Part C: Medicare Advantage

    What Is Medicare Advantage?

    Medicare Advantage, MA, is the second way to receive Medicare coverage after Traditional Medicare. MA plans are offered through private insurance companies and are not bound to any particular rules or regulations. They can charge whatever they want for their coverage, as do all private insurance plans. 

    What Does It Cover?

    Your insurance company is the one that determines what services are covered with your plan, though Medicare will monitor certain services to make sure they are being used for approved purposes. As with Part A, Part C will cover all hospital services. It also includes outpatient hospital costs and procedures, mental health services, and other care related to your injury or illness.

    What It Costs:

    The cost of Part C will vary depending on the MA plan you choose. Some plans will cover 100% of all costs, including those that fall under your deductible. Most MA plans charge monthly premiums, and this amount differs depending on the insurance company and plan you choose. You are also responsible for paying a deductible, just like Part A. Note: This article does not discuss Medigap policies. Medigap policies are a different type of premium assistance and are considered part of Part B rather than Part A.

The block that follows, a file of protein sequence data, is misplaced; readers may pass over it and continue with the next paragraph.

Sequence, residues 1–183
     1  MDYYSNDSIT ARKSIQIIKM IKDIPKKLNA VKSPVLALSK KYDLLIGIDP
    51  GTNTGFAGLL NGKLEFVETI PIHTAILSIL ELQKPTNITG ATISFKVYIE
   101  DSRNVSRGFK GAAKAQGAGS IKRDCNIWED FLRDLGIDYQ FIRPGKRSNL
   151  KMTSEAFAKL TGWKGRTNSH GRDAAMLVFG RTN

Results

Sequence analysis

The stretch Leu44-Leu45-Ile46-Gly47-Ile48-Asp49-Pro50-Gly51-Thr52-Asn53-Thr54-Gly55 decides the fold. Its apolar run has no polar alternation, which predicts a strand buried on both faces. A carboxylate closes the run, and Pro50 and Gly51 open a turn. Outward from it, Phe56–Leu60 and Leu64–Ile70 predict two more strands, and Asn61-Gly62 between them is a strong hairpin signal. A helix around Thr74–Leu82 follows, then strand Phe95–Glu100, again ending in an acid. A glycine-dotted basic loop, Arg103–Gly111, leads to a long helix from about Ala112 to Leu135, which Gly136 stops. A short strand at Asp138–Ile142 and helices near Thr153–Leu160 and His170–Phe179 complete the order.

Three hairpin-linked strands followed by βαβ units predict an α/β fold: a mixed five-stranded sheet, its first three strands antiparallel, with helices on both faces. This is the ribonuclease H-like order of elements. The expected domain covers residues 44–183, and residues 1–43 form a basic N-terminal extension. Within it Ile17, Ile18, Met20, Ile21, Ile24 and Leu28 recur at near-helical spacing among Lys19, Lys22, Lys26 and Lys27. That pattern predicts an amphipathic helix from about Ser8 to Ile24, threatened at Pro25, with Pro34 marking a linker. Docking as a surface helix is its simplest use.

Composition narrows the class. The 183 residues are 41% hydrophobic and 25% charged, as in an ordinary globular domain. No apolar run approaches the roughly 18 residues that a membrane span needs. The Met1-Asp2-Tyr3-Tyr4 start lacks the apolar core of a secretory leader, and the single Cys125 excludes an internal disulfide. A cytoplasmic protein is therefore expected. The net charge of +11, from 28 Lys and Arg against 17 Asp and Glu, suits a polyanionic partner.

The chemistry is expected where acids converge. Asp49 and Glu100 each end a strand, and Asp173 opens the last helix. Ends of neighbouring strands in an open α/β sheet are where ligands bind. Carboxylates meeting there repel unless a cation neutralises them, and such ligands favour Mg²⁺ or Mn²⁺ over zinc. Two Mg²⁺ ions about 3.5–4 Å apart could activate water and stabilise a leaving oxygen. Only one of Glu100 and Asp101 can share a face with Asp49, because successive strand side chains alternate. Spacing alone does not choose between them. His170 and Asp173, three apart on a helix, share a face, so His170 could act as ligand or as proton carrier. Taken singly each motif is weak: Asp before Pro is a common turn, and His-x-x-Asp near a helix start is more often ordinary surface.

Part D: Medicare Prescription Drug Coverage

    What Is Prescription Drug Coverage?

    Medicare Part D is the third way to receive Medicare coverage. Part D was introduced as a government strategy to lower healthcare costs overall. Hopefully, by making drugs more affordable for people on Medicare, they wouldn’t have to see a doctor about their ailments or injuries. That way, doctors would be able to spend less time seeing patients and more time doing research and bettering their practices.

    In Part D, you are covered for medications and drugs your doctor prescribes as long as they are included in your plan.

    What Does It Cover?

    Part D covers prescription medications, though it does not cover over-the-counter medications. It also covers other services related to your prescription drugs, such as a mail-order delivery program for new prescriptions. Part D does not include mental health services or dental care: though many plans will offer a discount on certain dental services, it does include vision care.

    What It Costs:

    Each MA plan has a different set of rules and is not bound by any specific rules. As with MA, Part D has no enrollment fee or premium. You have no deductible to pay either: Part D will pay for your medications as long as they are covered by the plan you choose. If a charge for your medication falls under your plan, you must pay the cost of that medication, just like with other chronic illnesses, such as diabetes.

    Medicare is an essential part of most senior citizens’ lives. Without it, many would not be able to afford the medical care they need and deserve. Medicare is one of the most important things you will ever pay for during your life, but once you qualify, you may find that it’s not as complicated as you thought.